If you cannot lay your head on the ground, then you could also support your four head with some folded blankets as needed. Breathe in a relaxed manner and hold this position for about 5 minutes on each side to get a deep release in the hips and hamstrings. Then you can continue on practicing the other steps listed to go deeper into the full posture.

Pose Information

Sanskrit Name:

Eka Pada Rajakapotasana

Pose Level:

Level 2

Contraindications and Cautions:

  1. Severe sacroiliac injuries
  2. Knee injuries less than 3 months old
  3. Hip surgeries less than 3 months old or serious hip conditions
  4. For menstruating women: Practice the forward-bending variation of this posture only, where you simply keep your legs in the position and bend down so that your head can reach the floor.
  5. For pregnant women: Like many backbends, this posture is generally not advisable during pregnancy. Seek the guidance of an experienced prenatal yoga instructor for more advice.

Modifications and Props:

It is normal for beginners to struggle with sitting all the way down against the floor. Therefore, you can place a folded blanket underneath your sitting bones for support so that you can sit up while practicing the pose.

As you progress in the pose, you need to prepare yourself to reach back and grab the toes of your back foot. You can train for this by making a small loop with the yoga belt and placing it around your back foot before you come into the posture. Then you can hold the end of the belt to gradually pull your foot up, bending your knee behind you. Gradually over time, you will be able to walk your hands down the belt until you can finally grab your toes with your hands.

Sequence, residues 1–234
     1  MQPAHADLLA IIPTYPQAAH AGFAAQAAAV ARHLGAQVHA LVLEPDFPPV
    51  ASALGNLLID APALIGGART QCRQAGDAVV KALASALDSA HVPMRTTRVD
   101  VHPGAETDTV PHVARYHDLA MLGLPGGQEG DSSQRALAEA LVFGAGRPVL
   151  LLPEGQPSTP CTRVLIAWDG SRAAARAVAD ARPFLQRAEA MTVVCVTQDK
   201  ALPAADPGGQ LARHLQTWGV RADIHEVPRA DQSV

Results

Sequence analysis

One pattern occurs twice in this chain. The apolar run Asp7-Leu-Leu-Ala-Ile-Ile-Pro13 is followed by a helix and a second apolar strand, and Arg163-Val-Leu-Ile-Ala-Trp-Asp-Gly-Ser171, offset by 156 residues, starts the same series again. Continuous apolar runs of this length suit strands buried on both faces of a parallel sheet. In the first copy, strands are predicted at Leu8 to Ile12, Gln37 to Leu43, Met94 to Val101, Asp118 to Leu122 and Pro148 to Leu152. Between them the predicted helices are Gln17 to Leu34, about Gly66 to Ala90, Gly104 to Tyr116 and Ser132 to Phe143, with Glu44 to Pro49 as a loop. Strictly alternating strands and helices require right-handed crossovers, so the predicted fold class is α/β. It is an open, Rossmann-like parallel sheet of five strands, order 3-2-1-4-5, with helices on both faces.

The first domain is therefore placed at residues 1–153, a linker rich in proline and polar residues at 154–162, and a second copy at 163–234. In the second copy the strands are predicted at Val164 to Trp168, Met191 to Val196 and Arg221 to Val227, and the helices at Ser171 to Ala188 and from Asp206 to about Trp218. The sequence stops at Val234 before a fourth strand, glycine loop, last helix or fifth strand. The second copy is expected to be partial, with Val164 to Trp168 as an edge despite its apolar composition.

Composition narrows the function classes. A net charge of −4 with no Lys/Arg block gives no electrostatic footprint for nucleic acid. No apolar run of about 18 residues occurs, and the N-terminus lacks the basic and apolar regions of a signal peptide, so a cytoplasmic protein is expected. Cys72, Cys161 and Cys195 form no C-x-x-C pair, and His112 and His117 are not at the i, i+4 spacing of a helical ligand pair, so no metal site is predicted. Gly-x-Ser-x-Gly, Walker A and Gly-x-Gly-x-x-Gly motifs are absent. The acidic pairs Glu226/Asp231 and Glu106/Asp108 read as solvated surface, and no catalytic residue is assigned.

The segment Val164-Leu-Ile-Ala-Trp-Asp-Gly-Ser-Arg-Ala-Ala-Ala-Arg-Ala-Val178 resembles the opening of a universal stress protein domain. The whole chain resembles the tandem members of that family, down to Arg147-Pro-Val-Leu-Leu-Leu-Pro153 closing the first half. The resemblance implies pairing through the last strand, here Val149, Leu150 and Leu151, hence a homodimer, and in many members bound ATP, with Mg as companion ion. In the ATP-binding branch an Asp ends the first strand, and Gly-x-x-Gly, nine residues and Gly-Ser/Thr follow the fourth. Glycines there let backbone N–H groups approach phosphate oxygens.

King Pigeon: Full Pose

To progress into the full version of One-Legged King Pigeon Pose, first follow the steps listed above. Now, continue pushing your pelvic floor down into the ground as you lift up your foot behind you. The back leg should form a 90-degree angle at the knee while your shin and foot should be perpendicular to the ground. Keep pushing the thigh of the back leg down against the mat as much as possible.

Next, reach back with whichever hand is easiest to grab the top of your back foot and pull the back foot down a little more to deepen the stretch in the front of the hips. From here, stretch the other hand up to the sky, bend the elbow and let the hand come down behind the head. Arch your back and drop your head back to grab your toes behind your head.

Eventually, the goal is to hold your foot behind your head with both hands. Then you can gradually continue bending your back until you can pull the sole of your foot against the crown of your head with your elbows pointing upward toward the ceiling.

Whichever variations you practice, always remember to repeat the same steps for the same amount of time on both sides.

Therapeutic Applications:

  • Urinary-tract disorders
  • Ailments of the reproductive organs
  • Chronic lower-back pain

Benefits:

  • Stretches out tension in the thighs, groins, hamstrings, abdomen, shoulders and neck
  • Promotes increased blood circulation to the abdominal organs
  • Improves posture by opening the chest

Partnering:

Come into the posture to the best of your ability, using whatever props you need to support you. Then ask a partner to stand behind you and help you lift your arms and torso. Ask your partner to help push your shoulder blades into your back while they also grab your shoulders and rotate them back.

Now hold this position while your partner lifts the outer arms slightly toward the elbows, helping you to align your torso so that it is perpendicular to the floor. Resist this movement slightly by pulling your side ribs down as you extend your arms.